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Some large number of books - Qualified Perceptions
firstfrost
firstfrost
Some large number of books
* for ebooks, # for audiobooks. Embarassingly, no paper books at all here, though I have started another Empire of the Apt book on paper

#A Fatal Grace (by Louise Penney)
I did not like this one as much as the first - the actual murder and solution felt a quite bit more contrived, as mysteries are sometimes prone to, when the explanation fits the clues but does not explain why the murderer made those particular choices so as to leave those particular clues. Nevertheless, the writing is luminous, and the thing-which-clues-are-pried-out-of (the painting in the last book) is played by a videotape of the Lion in Winter so I went and watched along on youtube, which pleased me quite a bit. And goodness, there is a secret nefarious arc plot! I will probably continue through the whole series, but may not write full reviews of all of them. (It took me until the third book to finally try and figure out what that word was that kept being used as some sort of title. "Anjean Yvette Nicole. Anjean Isabelle Lacoste. Anjean Lemure. I finally went and looked in the text version - the word is Agent, but the narrator uses the French pronounciation (the series is set in Quebec, so the English/French culture difference is a character of its own.)) As the series progresses, I still think the actual mystery part can be a little too convoluted, in order to set up a nice puzzle, but that's often built into the genre. A Rule Against Murder plays around with the trick of not telling the reader who a character is, just referring to them as "the murderer" for a whole scene, which annoys me rather than increases tension. Neverthelesss, I still really love the characters and the thoughtful pace and the humor. Four stars.
The Cruelest Month: Well, I'm glad the arc plot reached something of a resolution. The rest of the Surete really does seem to be terrible. And I really liked the wrapup of the House on the Hill.
The Brutal Telling, Bury Your Dead: These are really a pair, and Brutal Telling is brutal. Not in violence, but in character deconstruction. Ouch. The second half redeems the first some, though I think it gives itself more credit for the redemption than is really there. The third of the three subplots is an odd duck, a flashback of something much more like a procedural thriller, but since it's Penney, it's a hearbreaking thoughtful thriller.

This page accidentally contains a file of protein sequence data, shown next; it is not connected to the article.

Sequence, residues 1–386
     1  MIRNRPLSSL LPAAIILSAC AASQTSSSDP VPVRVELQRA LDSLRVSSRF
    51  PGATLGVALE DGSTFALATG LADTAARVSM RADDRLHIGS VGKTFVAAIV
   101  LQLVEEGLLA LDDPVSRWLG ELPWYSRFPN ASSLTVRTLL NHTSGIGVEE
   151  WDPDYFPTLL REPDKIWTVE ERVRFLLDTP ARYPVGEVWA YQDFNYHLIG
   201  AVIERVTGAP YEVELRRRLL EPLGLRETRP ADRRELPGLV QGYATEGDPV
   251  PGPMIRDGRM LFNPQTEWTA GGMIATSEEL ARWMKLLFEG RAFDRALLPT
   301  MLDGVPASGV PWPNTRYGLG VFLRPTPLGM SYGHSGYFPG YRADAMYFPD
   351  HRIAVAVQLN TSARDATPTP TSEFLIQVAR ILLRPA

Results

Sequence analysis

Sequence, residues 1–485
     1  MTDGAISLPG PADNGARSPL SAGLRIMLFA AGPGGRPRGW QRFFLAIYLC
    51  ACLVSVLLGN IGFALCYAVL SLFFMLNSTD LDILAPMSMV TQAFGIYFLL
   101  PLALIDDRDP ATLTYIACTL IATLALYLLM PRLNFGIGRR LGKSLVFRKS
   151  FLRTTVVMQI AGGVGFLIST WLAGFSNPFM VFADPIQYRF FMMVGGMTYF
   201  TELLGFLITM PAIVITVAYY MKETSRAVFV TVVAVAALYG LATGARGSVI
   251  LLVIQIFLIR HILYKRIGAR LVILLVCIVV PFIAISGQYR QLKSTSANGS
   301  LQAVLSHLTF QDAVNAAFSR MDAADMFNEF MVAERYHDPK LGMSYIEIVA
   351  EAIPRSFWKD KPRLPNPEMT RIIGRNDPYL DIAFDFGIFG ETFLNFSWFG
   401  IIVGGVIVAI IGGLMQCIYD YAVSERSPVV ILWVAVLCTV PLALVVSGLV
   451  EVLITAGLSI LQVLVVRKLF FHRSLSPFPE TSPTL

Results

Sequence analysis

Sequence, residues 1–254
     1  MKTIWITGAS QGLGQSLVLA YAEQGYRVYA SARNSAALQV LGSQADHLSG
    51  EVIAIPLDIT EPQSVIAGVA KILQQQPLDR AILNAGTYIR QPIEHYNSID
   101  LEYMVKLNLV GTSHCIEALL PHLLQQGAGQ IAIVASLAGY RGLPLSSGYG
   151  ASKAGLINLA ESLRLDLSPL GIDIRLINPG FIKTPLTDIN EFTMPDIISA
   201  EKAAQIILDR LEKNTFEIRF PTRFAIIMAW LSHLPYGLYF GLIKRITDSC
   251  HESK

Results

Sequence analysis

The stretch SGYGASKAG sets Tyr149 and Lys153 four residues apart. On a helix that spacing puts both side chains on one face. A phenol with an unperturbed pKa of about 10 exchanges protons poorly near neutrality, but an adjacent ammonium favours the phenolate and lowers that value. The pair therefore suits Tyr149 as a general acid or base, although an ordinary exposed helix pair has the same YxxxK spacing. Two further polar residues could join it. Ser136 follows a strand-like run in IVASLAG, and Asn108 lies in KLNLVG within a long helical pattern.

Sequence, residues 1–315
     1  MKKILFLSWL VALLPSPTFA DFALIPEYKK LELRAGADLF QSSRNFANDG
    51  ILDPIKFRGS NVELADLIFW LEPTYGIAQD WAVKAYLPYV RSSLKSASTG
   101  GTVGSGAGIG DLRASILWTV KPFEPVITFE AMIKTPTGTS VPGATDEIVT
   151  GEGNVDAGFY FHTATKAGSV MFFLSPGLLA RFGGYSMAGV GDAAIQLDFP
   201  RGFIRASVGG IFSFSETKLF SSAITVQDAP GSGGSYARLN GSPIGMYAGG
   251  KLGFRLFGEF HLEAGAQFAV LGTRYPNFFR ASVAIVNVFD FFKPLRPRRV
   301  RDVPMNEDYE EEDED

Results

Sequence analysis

*Maelstrom (by Peter Watts)
Yup, it's like Starfish but getting darker. Here's a lovely little quote that epitomizes the dystopic culture that the books start with, before they segue into full on end of the world:
Access to your medical records will help us provide better service. All information will be kept strictly confidential except in the event of a public health or marketing priority, and in such cases we may be legally required to sequence-ID your sample anyway.

*Molly Fyde and the Land of Light (by Hugh Howey)
I am really torn on this series. On the one hand, I do really want to know what happens next, as the book goes along. Various bits are novel and interesting and evocative. But on the other hand, the main characters are just so painfully naive! It's like the crew has sworn an oath amongst themselves that only one of them is allowed to be suspicious for any given encounter, and the others have to be grievously disappointed when it turns out that everyone is not their happy friend. In the previous book, I won't hold the initial "what? you're out to get us?" against them, because that's a fine spy-genre opening - you start by doing the perfectly mundane harmless thing and are startled when people start shooting at you. But then there was the Planet of the Warbears, who the main character was so very sure must be good guys because their planet was just so pretty. (They're so fluffy!). This book, it just keeps coming. There's the Enemy Homeworld, which they jump to, carrying an unconscious enemy alien. Now, this is a serious war that's been going on for generations. When they first met this alien - beaten, chained to the floor, clearly an abused slave - the main characters both had to work to restrain themselves from running over and attacking it. This seems like an Ender's Game type war. Anyway. They jump to the Enemy Homeworld, with the unconscious (rescued) alien, and then their ship is promptly boarded and they are arrested and put in a five star hotel with bars on the doors. And they are sulky because they were treated so unfairly, when they were trying to be helpful! Sure, their intentions were good, but I kind of think the only reason their ship wasn't just blown to smithereens was plot defense. Later, Molly is paying a brief cyberspace visit, which involves jacking in and passing out (in typical cyberpunk fashion). The party hacker, futzing around on the local network, notices that after a while, Molly is being transferred from the visitor room to Long Term Storage, and mentions that she's going to need rescuing. The other guy chews the hacker out for hacking on their hosts' network, which is impolite. And then he figures that since his gut feeling is that Molly is fine, the hacker has probably gotten confused, or it's a computer error. I suppose the constant belief that all sentients (even the ones we're at war with) are basically decent and nice is a better attitude to have in a YA book than "all sentients are horrible, don't trust anyone" but it's kind of frustrating. For all that it drives me crazy, though, I do want to find out what happens next.